A common misconception is that the counsellor/psychotherapist is passively listening. The reality is far more complex. The therapist will be working hard to actively listen, hear, and understand you. It’s not just the words of the story that they’re listening to - it's the subtext. What is meant by it? Why is that specific story being told? How do they seem as they’re telling it? What feelings are being picked up? Is there a gulf between what is said and the feelings they are expressing/invoking in you? How does this fit with their past experiences? Are there patterns of feelings, behaviours, thoughts or coping mechanisms that have developed? These unknown, unrealised thoughts, feelings and beliefs live in what we call our unconscious. It’s the therapist’s job to uncover them, carefully bring these things to light, and help you to make sense of them.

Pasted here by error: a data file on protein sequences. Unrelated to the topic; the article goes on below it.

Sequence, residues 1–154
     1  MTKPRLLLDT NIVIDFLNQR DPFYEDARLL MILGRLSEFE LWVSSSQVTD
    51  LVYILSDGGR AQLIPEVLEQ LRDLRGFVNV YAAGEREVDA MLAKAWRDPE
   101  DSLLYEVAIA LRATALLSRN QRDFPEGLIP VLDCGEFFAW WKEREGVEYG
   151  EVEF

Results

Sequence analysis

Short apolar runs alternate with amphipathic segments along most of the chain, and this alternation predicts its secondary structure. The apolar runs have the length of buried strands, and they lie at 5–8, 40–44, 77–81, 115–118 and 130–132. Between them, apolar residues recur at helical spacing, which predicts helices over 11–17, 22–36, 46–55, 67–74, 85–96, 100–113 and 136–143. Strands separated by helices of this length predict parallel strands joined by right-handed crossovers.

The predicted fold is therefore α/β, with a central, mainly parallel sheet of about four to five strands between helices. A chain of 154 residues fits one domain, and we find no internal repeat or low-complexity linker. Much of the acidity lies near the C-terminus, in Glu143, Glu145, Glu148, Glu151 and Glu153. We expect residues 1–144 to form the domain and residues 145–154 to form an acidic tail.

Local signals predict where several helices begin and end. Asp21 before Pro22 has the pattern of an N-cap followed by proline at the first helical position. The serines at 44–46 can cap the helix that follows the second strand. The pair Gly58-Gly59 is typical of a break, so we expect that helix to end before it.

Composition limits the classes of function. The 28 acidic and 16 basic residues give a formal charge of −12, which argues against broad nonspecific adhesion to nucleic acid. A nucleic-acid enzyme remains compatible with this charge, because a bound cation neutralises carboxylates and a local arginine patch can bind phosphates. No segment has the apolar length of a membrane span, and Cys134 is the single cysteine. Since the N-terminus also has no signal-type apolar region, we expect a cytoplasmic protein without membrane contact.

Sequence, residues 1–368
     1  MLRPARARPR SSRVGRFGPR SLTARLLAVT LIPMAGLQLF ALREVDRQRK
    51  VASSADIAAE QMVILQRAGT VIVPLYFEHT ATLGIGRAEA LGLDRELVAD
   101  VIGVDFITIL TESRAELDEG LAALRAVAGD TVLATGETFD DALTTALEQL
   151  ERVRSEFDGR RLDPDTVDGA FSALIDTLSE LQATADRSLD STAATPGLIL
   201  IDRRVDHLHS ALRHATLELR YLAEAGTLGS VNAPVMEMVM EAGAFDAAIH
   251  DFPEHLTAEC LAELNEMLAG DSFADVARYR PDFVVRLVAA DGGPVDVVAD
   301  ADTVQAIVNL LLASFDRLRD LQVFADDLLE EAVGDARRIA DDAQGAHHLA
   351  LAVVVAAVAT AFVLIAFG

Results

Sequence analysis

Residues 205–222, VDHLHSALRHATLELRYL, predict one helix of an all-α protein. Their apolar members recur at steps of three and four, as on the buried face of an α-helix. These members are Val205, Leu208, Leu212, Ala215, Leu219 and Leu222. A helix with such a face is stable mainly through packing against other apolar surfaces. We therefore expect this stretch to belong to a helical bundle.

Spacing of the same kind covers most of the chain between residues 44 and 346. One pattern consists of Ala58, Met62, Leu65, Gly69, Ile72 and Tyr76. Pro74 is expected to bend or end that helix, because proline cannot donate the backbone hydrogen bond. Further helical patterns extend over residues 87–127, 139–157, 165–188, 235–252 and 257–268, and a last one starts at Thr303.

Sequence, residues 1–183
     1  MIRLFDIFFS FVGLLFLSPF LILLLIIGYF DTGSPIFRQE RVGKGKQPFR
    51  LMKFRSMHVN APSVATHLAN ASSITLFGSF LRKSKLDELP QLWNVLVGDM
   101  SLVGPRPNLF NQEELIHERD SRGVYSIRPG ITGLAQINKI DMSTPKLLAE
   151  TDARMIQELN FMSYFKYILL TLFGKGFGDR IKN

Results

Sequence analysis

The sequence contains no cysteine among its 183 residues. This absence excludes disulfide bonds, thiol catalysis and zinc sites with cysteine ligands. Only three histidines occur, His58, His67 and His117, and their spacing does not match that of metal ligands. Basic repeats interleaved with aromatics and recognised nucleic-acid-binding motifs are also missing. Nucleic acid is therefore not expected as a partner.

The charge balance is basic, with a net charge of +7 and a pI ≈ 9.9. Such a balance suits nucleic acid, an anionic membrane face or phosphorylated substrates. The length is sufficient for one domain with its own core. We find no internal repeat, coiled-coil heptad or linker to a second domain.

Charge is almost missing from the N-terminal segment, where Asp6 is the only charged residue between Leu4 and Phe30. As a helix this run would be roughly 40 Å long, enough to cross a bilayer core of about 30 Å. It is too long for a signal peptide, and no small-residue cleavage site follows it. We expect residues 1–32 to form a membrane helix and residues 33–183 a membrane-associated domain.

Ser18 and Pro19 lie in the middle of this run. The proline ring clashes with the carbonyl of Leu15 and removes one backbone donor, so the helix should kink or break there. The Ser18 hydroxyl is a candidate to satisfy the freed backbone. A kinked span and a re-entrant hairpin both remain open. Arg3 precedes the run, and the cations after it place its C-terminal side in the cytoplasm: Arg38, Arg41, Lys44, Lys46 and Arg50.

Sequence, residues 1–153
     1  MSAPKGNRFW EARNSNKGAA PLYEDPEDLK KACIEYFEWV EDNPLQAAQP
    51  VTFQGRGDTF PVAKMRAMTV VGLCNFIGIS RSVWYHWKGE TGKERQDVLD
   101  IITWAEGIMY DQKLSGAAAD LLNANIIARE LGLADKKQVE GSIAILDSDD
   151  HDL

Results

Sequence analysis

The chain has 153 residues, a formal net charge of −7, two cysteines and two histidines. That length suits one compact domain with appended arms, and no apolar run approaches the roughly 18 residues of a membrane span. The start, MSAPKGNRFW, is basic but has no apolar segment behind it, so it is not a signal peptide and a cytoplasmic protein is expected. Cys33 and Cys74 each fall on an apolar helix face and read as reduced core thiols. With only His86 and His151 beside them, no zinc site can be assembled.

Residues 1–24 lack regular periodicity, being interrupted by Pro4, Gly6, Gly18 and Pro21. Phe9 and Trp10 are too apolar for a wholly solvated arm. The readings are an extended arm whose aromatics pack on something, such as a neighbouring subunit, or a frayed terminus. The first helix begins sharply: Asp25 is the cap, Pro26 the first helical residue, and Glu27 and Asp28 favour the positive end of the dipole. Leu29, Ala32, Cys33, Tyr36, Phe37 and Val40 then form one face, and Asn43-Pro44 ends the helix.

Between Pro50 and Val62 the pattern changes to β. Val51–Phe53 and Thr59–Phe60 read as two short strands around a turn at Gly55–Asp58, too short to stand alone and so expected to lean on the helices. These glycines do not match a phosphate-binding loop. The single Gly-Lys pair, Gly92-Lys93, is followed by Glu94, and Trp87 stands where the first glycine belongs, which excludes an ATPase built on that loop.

Some people believe that having counselling would be like opening a can of worms, and this can be scary. Counsellors understand that coping mechanisms are valuable tools, and destroying them can leave someone extremely vulnerable. The skill of the therapist is to uncover unconscious feelings and challenge/work through them in a doable way and pace for the client. Coping mechanisms and links to past experiences are brought out at appropriate times, and to acceptable and manageable levels. If your counsellor is going too fast or too slow, then you can tell them, and that is not only ok but can be a valuable experience in itself.